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  • One Earth, One People: The Mythopoeic Fantasy Series of Ursula K. Le Guin, Lloyd Alexander, Madeleine L’Engle, and Orson Scott Card by Marek Oziewicz
  • Stephen D. Winick (bio)
One Earth, One People: The Mythopoeic Fantasy Series of Ursula K. Le Guin, Lloyd Alexander, Madeleine L’Engle, and Orson Scott Card. By Marek Oziewicz. Jefferson, NC: McFarland, 2008.

In One Earth, One People, Marek Oziewicz attempts to synthesize a century of fantasy criticism into new definitions of fantasy and mythopoeic fantasy and then presents four case studies of authors whose work he considers mythopoeic. He approaches the fiction from the outside in; rather than providing insightful readings of fantasy literature as a way to derive interesting theories about the genre, Oziewicz engages in lengthy analyses of theory in an attempt to derive interesting readings. The result will mainly be useful to scholars interested in definitional issues; it is not, primarily, a book about Le Guin, Alexander, L’Engle, and Card but about the genre of mythopoeic fantasy: its history, its development, its present, and its future. [End Page 137]

About three quarters of the book is given over to reviews of the secondary literature on fantasy, myth, and Oziewicz’s chosen authors. In Chapter 1 Oziewicz gives overviews of fantasy criticism, attempting to show that fantasy criticism suffers from confusion. In Chapter 2 Oziewicz reviews fantasy criticism itself, arguing that such confusion stems from two incompatible approaches, the reductionist and holistic approaches, and, further, that holistic criticism is more useful for understanding fantasy. This gives way to Chapter 3, in which Oziewicz presents a review of holistic criticism, including the critical writings of both C. S. Lewis, who created the term mythopoeic fantasy, and J. R. R. Tolkien, whose fictional works are held up as the most representative texts of mythopoeic fantasy. Oziewicz reviews twentieth-century approaches to myth in Chapter 4; this chapter seems outside the scope of the book, with little bearing on either the theories discussed earlier or the approaches of the authors discussed later. Each of the four case studies consists of ten pages covering the scholarship on the author (including the author’s published discussions of his or her own work), followed by fifteen pages of analysis of the author’s work.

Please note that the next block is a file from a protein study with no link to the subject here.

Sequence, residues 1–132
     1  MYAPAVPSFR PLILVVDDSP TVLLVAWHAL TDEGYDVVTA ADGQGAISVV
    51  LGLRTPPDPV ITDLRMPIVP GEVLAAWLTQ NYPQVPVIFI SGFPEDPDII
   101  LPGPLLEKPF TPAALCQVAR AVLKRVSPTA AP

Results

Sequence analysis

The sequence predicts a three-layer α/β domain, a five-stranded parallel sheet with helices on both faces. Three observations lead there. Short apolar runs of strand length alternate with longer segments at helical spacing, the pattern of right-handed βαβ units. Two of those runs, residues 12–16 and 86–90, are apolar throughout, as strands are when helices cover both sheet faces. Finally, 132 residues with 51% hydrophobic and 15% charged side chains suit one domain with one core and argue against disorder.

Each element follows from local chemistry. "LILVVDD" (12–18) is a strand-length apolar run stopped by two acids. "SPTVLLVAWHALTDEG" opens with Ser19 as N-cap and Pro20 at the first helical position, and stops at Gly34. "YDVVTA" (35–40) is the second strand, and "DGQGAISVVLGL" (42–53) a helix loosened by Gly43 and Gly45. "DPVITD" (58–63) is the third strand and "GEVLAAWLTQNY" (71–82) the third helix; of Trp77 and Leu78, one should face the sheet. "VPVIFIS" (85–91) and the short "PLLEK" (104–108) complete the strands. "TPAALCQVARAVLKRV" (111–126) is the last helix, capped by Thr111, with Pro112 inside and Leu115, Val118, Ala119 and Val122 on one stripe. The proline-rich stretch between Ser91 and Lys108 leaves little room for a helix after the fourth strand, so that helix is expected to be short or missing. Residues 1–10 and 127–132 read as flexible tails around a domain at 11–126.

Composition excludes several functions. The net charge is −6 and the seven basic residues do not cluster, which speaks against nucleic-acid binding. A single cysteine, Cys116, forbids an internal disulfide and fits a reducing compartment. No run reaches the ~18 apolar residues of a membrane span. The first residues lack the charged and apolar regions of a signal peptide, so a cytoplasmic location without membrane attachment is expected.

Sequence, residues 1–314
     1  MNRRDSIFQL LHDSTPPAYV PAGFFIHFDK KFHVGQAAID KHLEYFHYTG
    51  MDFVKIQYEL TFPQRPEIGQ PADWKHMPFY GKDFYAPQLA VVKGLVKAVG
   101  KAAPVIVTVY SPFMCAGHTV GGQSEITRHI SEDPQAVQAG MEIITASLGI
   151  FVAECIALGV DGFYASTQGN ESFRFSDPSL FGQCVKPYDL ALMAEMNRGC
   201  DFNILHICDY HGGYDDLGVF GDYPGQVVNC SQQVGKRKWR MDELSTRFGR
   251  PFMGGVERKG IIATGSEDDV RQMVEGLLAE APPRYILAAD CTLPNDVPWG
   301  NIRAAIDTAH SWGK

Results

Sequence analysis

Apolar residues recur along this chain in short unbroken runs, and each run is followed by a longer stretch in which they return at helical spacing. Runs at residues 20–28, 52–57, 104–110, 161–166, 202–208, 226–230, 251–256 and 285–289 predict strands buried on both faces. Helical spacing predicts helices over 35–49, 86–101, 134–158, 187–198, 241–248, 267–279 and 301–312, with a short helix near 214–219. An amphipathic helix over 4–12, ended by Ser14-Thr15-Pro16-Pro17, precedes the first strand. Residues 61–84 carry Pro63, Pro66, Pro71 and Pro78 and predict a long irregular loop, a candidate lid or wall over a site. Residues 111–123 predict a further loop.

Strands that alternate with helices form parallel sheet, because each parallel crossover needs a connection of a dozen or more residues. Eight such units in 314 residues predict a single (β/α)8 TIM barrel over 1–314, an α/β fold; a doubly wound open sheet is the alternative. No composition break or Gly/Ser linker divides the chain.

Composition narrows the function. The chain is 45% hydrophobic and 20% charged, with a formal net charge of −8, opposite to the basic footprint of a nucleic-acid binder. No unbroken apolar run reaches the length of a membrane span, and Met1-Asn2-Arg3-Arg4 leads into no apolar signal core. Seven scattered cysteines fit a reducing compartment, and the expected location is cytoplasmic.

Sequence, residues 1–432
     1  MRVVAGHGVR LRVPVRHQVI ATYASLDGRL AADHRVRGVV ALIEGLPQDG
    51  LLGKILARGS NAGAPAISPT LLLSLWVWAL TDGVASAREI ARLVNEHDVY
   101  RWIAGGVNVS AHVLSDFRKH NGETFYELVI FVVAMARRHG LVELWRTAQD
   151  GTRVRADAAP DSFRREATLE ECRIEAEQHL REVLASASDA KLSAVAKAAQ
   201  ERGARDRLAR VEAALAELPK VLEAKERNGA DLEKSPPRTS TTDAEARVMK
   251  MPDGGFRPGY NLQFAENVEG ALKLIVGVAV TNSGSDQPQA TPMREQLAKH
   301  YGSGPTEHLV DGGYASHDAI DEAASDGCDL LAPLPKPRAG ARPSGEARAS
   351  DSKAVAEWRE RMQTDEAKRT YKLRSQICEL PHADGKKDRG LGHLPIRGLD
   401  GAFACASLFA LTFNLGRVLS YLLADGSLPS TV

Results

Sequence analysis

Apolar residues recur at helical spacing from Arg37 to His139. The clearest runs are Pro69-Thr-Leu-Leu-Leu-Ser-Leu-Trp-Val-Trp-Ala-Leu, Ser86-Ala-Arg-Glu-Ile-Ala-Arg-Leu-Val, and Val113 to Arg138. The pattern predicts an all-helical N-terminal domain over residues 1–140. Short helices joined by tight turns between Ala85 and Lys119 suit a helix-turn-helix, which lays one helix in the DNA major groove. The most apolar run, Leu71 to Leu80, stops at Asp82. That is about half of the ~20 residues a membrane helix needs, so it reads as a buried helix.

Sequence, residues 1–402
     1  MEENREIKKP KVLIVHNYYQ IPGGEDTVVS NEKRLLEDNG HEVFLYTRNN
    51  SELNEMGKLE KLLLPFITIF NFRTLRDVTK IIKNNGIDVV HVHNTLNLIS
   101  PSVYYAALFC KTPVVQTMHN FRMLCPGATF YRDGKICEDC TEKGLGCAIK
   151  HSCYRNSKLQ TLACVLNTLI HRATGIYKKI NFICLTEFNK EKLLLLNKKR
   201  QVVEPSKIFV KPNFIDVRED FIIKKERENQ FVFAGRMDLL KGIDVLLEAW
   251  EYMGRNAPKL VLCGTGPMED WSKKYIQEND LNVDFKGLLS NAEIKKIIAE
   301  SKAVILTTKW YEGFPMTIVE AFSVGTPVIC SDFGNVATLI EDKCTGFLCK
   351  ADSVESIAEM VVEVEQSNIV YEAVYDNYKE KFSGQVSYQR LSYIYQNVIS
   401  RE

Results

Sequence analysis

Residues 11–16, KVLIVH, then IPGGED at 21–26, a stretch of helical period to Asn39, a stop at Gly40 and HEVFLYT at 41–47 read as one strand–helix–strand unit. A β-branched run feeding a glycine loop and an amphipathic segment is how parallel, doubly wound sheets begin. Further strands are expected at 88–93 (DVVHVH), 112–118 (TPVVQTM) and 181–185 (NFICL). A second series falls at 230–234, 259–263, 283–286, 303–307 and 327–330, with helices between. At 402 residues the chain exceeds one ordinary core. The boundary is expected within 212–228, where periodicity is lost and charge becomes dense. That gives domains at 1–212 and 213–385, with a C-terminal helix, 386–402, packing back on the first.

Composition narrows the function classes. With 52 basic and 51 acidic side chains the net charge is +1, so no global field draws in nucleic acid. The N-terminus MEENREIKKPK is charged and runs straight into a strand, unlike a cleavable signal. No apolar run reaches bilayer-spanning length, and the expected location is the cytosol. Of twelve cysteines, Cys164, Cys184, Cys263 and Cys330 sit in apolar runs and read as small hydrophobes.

The literature review attempts to synthesize and distill the works discussed into a coherent and comprehensible new approach. Oziewicz demonstrates that holistic approaches have been better than reductionist approaches to fantasy, but he locates too much of the reason in the supposed uniqueness of fantasy among other genres; it is likely that holistic approaches are superior overall for examining works of art, which are generally thought to be greater than the sum of their parts. Similarly, Oziewicz is convincing that fantasy is a cognitive strategy and (perhaps) a worldview, but he compromises this insight by making confusing claims about whether fantasy is a genre. He says that it is not but often treats it as though it were, without ever defining “genre” or clearly identifying the tradition of genre analysis from which he proceeds. Moreover, Oziewicz repeatedly defines fantasy as “a worldview and a cognitive strategy which assumes the existence of the supernatural,” thus seeming to define worldviews (such as religions) and cognitive strategies (such as meditative prayer) as fantasy. This may present a problem for some readers.

Oziewicz defines mythopoeic fantasy as a genre that “addresses our vital psychological, cultural and aesthetic needs” through “the use of a secondary world in which everything is suffused with a moral sense” and the use of “the regenerative powers of myth and mythmaking” (66). He later defines mythopoeic fantasy at greater length (84–90). After seemingly completing the definition, he adds important ideas to it, for example, stating that mythopoeic fantasy involves “a search for a new mythology of unified humanity” (92). These ideas are worthy of consideration. Oziewicz fails, however, to differentiate clearly between mythopoeic fantasy and related genres. Given how often [End Page 138] he modifies his description of the genre and how little he discusses other genres, it would be helpful if he gathered all the elements vital to mythopoeic fantasy into a single, concise definition. Sadly, he never does...


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pp. 137-138
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